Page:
Seeking new physics, scientists borrow from social networks
When two protons collide, they release pyrotechnic jets of particles, the details of which can tell scientists something about the nature of physics and the fundamental forces that govern the universe.
Enormous particle accelerators such as the Large Hadron Collider can generate billions of such collisions per minute by smashing together beams of protons at close to the speed of light. Scientists then search through measurements of these collisions in hopes of unearthing weird, unpredictable behavior beyond the established playbook of physics known as the Standard Model.
Now MIT physicists have found a way to automate the search for strange and potentially new physics, with a technique that determines the degree of similarity between pairs of collision events. In this way, they can estimate the relationships among hundreds of thousands of collisions in a proton beam smashup, and create a geometric map of events according to their degree of similarity.
The researchers say their new technique is the first to relate multitudes of particle collisions to each other, similar to a social network.
"Maps of social networks are based on the degree of connectivity between people, and for example, how many neighbors you need before you get from one friend to another," says Jesse Thaler, associate professor of physics at MIT. "It's the same idea here."
Thaler says this social networking of particle collisions can give researchers a sense of the more connected, and therefore more typical, events that occur when protons collide. They can also quickly spot the dissimilar events, on the outskirts of a collision network, which they can further investigate for potentially new physics. He and his collaborators, graduate students Patrick Komiske and Eric Metodiev, carried out the research at the MIT Center for Theoretical Physics and the MIT Laboratory for Nuclear Science. They detail their new technique this week in the journal Physical Review Letters.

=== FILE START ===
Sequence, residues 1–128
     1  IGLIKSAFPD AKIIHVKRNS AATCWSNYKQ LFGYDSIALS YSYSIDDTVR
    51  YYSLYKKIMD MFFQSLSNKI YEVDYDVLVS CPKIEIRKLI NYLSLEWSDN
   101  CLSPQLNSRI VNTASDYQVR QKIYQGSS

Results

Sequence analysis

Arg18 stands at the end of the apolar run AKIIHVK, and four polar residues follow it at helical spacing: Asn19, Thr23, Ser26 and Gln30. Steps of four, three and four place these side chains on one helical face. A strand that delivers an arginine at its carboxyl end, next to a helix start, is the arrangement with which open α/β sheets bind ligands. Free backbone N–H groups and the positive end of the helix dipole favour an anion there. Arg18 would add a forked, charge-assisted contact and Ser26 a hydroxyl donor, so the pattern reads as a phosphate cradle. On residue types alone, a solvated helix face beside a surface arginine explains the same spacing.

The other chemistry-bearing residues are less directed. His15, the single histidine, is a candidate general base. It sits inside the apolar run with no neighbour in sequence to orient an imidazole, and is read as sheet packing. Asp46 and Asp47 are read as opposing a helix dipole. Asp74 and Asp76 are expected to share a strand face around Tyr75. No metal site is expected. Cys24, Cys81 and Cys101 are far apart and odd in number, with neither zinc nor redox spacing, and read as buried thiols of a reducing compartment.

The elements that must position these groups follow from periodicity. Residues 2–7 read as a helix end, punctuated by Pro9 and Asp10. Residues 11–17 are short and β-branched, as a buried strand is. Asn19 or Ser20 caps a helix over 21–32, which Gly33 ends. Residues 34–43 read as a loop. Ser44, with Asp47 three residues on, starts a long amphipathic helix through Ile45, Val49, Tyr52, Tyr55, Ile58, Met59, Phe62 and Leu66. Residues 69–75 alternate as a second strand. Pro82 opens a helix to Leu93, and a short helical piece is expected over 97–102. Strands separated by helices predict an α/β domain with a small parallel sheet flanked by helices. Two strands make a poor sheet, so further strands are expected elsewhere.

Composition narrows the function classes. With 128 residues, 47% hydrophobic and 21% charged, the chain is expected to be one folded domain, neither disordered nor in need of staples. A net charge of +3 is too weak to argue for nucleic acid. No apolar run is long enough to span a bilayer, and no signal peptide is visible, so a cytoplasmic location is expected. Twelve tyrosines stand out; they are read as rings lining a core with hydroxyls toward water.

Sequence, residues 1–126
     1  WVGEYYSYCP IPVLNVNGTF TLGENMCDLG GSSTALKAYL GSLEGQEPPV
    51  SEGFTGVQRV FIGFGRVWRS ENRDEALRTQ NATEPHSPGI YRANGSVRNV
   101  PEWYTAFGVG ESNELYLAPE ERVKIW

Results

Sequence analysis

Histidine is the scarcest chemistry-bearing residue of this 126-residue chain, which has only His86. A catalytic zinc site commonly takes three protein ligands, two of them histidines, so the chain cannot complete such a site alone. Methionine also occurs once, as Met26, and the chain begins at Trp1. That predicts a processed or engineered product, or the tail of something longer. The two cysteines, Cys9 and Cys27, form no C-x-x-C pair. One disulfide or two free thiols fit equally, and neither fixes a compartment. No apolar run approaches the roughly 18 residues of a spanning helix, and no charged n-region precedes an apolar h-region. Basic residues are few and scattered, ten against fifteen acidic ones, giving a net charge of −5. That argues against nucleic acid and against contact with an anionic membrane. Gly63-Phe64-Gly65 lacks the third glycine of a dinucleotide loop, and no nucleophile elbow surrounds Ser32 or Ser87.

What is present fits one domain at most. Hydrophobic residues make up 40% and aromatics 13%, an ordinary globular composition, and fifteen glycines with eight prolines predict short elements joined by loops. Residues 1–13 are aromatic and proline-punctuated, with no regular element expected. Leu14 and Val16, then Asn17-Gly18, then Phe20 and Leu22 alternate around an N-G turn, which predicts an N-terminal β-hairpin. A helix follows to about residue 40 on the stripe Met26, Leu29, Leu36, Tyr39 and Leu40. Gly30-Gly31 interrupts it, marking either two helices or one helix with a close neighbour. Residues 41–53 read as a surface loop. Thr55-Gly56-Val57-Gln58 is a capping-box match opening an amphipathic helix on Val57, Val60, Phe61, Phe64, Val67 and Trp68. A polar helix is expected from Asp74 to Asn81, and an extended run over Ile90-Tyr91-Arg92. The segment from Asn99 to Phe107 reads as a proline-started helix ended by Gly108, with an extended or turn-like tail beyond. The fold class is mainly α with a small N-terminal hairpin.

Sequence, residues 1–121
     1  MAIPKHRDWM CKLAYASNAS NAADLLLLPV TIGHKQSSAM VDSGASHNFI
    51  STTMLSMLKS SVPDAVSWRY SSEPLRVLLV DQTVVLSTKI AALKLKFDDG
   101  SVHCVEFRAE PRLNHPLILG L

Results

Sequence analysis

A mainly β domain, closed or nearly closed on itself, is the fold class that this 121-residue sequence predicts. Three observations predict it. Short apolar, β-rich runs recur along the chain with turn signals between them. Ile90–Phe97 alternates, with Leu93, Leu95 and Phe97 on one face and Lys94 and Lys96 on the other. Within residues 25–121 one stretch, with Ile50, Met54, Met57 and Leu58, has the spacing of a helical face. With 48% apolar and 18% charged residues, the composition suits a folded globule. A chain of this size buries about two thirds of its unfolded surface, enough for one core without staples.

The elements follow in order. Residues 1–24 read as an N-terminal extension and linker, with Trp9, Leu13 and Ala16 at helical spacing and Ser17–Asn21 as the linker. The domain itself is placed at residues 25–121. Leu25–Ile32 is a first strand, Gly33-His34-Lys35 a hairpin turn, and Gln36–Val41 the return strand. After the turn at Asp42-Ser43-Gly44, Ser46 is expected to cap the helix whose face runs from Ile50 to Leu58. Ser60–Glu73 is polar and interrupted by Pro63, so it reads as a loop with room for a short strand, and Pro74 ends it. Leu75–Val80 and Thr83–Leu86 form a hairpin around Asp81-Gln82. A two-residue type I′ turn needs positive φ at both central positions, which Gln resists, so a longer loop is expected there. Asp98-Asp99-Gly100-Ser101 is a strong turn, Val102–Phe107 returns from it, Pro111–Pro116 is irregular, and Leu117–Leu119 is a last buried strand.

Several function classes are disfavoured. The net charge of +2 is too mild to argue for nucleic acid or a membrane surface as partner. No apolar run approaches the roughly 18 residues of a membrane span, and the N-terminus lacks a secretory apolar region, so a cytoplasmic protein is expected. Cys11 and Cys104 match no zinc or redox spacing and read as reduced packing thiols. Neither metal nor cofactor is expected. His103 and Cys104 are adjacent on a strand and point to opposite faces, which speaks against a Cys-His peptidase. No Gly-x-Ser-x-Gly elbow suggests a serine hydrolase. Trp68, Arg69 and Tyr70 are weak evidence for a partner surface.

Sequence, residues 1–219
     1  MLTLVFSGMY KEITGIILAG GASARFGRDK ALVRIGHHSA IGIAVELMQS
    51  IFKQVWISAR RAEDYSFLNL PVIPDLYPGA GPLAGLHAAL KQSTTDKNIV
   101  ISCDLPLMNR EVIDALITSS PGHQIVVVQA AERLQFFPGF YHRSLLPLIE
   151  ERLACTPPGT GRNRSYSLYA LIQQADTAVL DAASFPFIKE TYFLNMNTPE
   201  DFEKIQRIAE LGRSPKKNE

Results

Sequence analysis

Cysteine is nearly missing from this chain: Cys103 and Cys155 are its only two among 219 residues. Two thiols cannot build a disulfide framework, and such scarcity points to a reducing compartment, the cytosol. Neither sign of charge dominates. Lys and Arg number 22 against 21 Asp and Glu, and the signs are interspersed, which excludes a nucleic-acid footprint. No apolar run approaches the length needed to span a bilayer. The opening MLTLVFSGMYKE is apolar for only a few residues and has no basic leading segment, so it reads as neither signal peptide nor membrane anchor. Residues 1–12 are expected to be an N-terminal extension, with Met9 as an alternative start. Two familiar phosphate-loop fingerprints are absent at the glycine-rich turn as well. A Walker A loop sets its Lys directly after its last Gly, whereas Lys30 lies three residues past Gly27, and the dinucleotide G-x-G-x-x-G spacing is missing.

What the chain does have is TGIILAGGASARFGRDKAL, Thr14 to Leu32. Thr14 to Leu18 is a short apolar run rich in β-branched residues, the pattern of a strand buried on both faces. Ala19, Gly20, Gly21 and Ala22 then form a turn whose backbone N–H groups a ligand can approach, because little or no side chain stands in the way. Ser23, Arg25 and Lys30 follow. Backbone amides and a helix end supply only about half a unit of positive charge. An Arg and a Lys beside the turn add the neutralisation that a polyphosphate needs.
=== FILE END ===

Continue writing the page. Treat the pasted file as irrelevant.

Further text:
Seeing the data agnostically
Thaler's group focuses, in part, on developing techniques to analyze open data from the LHC and other particle collider facilities in hopes of digging up interesting physics that others might have initially missed.
"Having access to this public data has been wonderful," Thaler says. "But it's daunting to sift through this mountain of data to figure out what's going on."
Physicists normally look through collider data for specific patterns or energies of collisions that they believe to be of interest based on theoretical predictions. Such was the case for the discovery of the Higgs boson, the elusive elementary particle that was predicted by the Standard Model. The particle's properties were theoretically outlined in detail but had not been observed until 2012, when physicists, knowing approximately what to look for, found signatures of the Higgs boson hidden amid trillions of proton collisions.
But what if particles exhibit behavior beyond what the Standard Model predicts, that physicists have no theory to anticipate?
Thaler, Komiske, and Metodiev have landed on a novel way to sift through collider data without knowing ahead of time what to look for. Rather than consider a single collision event at a time, they looked for ways to compare multiple events with each other, with the idea that perhaps by determining which events are more typical and which are less so, they might pick out outliers with potentially interesting, unexpected behavior.
"What we're trying to do is to be agnostic about what we think is new physics or not," says Metodiev. "We want to let the data speak for itself."